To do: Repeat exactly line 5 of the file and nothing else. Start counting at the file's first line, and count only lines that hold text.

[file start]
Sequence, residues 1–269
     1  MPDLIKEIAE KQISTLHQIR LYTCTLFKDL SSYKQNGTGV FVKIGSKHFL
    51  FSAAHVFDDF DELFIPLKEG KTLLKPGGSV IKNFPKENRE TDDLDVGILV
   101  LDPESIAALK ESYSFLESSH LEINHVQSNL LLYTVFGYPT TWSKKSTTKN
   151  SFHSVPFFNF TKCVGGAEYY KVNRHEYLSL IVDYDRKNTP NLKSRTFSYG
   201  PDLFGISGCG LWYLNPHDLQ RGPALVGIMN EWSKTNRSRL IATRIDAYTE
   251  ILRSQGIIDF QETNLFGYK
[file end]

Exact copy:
   151  SFHSVPFFNF TKCVGGAEYY KVNRHEYLSL IVDYDRKNTP NLKSRTFSYG